Here is the June 16 summary of the two-day forum from Jennifer Sippel:
Day 2 re-cap:
Knowledge bases + OPAC
* This topic generated more questions than answers
-- How can we more fully utilize the OPAC?
-- How can we get vendors to make the product meet our needs?
-- How can we reduce duplication of efforts and get all systems to jive with one another?
* Several mentioned how nice it would be if the ILS spoke nicely with the ERM.
* Georgie Donovan suggested, "Consolidating with one vendor seems to be one of the best ways y’all have mentioned to reduce the number of knowledge bases."
* Kristin Martin asks, "One of the things that I've thought about since we started experimenting with WorldCat Local and from examining other discovery tools, is what exactly should be in the OPAC? Should we be placing all of these records into our OPAC, with every library separately maintaining records for electronic objects that are in fact stored in a central place (after all, we all point to our Elsevier journals on the same platform), or should we be working on ways to search our physical holdings in our catalog with other content, as the discovery tools are doing?... We are sort stuck in an in between place right now, where we are still trying to figure out how best to leverage our resources."
* This topic led to a side discussion regarding the user’s confusion around what is going on when linking between OPAC & A-Z list managed by ERM systems. Screen shots and accompanying advice was shared.
Print journal usage stats
* One of the most popular topics of the day!
* Scanning barcodes during re-shelving (barcode binder method) was mentioned a few times
* Making tick marks when re-shelving
* Access database to keep track of ticks
* trend was to track titles, not individual volume/issue
* One mention of including routed titles in total usage stats
* Roger Davis mentioned his open source tracking system,http://serialcount.kent.edu/, which he’s happy to share.
Tracking communications/e-resource access issues
* Not a lot was said about this one; seems as if there is still some uncertainty about how to do this?
* Repeat mention of forming an e-resources team and coordinating communication between that team
* Several mentions of having a "report problem link" buttons on various interfaces that send messages to spreadsheets or documents
* One mention of SysAid to report/route problems
Documenting & assessing workflows
* Word documents & other types of manuals outlining tasks, including screen shots!
* have a back-up person trained in case main person is out (or leaves?)
* captivate videos for training
* be pro-active in order to anticipate potential problems
* Georgie Donovan shared e-resource workflow document and is coordinating an interest group around sharing of such documents/resources in some type of informal repository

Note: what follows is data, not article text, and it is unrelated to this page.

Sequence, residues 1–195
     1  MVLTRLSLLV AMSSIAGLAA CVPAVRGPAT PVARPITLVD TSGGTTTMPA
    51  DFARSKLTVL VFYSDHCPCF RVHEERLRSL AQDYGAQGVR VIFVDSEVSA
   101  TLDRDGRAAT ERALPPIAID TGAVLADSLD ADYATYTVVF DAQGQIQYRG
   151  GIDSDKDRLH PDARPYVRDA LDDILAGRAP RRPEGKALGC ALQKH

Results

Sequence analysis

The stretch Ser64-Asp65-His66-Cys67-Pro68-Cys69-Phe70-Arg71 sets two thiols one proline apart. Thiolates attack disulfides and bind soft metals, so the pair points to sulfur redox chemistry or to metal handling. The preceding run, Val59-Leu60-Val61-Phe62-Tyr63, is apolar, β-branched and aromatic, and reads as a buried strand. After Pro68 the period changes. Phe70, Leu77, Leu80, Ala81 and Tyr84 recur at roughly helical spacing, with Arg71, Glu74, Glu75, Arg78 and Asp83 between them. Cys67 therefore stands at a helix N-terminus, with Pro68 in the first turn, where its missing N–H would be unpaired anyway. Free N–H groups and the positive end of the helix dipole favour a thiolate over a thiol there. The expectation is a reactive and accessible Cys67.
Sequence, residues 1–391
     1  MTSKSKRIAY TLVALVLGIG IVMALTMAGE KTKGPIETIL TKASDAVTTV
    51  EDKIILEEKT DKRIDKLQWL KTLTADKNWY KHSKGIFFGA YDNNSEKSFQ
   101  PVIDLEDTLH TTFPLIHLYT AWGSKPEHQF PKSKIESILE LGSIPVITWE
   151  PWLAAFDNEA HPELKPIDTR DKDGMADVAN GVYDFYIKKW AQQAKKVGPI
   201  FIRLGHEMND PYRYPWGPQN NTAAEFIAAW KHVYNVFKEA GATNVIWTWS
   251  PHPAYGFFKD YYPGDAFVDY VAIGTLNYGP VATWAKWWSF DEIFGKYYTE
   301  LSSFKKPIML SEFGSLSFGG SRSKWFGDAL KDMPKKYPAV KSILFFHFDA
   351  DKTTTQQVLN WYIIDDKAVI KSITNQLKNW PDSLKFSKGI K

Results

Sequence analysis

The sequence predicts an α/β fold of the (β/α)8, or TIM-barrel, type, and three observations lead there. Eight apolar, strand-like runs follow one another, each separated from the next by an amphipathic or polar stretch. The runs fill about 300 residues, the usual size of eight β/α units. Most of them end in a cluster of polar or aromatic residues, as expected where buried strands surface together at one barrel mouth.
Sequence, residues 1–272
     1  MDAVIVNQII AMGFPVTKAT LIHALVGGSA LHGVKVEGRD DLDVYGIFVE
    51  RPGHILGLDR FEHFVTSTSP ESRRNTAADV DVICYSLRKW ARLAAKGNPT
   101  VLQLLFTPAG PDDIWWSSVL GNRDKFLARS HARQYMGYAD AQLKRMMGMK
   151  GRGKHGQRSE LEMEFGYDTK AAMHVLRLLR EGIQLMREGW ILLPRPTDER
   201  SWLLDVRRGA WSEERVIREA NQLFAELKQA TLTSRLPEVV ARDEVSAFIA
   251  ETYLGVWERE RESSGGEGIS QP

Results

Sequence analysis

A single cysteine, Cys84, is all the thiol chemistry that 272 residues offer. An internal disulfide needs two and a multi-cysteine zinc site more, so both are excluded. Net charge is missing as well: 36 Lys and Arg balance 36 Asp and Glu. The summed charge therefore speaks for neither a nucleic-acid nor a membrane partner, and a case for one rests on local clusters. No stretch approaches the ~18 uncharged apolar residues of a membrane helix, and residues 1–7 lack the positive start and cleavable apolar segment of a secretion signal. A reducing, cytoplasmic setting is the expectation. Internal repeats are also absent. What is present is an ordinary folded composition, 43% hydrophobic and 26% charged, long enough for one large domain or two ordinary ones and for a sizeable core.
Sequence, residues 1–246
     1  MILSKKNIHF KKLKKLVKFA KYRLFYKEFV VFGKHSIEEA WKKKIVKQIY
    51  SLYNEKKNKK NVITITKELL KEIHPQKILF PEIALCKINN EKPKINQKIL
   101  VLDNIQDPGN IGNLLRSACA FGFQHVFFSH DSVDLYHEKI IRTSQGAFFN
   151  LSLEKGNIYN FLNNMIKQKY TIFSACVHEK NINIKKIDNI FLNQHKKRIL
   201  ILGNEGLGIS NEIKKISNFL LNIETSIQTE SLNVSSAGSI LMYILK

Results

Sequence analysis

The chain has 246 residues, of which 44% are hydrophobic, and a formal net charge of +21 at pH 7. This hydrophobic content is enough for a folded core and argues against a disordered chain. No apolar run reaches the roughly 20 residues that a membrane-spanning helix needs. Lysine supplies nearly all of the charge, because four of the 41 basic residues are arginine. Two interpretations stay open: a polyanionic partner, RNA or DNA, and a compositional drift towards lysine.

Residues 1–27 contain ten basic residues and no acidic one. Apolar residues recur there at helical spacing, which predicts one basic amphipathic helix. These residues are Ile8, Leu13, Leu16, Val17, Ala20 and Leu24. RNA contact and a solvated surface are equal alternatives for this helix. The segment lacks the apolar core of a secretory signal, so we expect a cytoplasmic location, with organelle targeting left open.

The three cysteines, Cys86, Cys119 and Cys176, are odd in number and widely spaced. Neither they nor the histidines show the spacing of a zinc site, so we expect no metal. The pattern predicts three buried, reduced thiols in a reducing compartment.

ONE word of advice
* "Not claiming and then tracking the claim status!!!" --Saundra L. Ross
* "A modified (significantly reduced) print check-in processes, including ceased claiming."--Jennifer Sippel
* "Print serials have gotten easier because we have so few of them now, and we stopped claiming."--Julie Moore
* "About the only positive impact on staff is that if your staff were overqualified for print serials workflows, you now have something challenging to throw at them....I think the job prospects in this field are far better than for subject selectors and reference and instruction librarians."--Mark Hemhauser
* "You have to be willing to embrace an ever-changing environment and accept chaos (at least in the digital world)!"--Becky Torrey
* "I think the e-resources work has led to more interesting, more techy jobs in the “tech services” area of the library and gives a better impression of tech services work…." --Georgie Donovan
Impact of e-Books on serials workflow
* Christine Stachowicz did a nice job of summarizing for me: "We split the handling of e-books pretty much the same way – what acts like a monograph or is purchased like one goes through our Monographic Services Dept, while what acts like a serial (essentially, resources that involve ongoing payments) are handled by E-Resources & Serials Management."
* Susan Davis said, "I think the folks handling e-books have a greater appreciation for the struggles the e-serials folks have had all these years. In other words, "welcome to my nightmare" :-)"
And, because I couldn’t summarize it for him, Mark offered his own summary for Day 1 :)
* Mark Hemhauser’s response to claiming e-journals: "We get a report of all of our subscriptions that include an electronic component from our ILS. Then manually check each title (over a period of a few months) to see if the title has been cut off, and to find and resolve discrepancies between our holdings and our actual access. Similar to the SEESAU approach, but with less sophisticated programming and back-end configuration."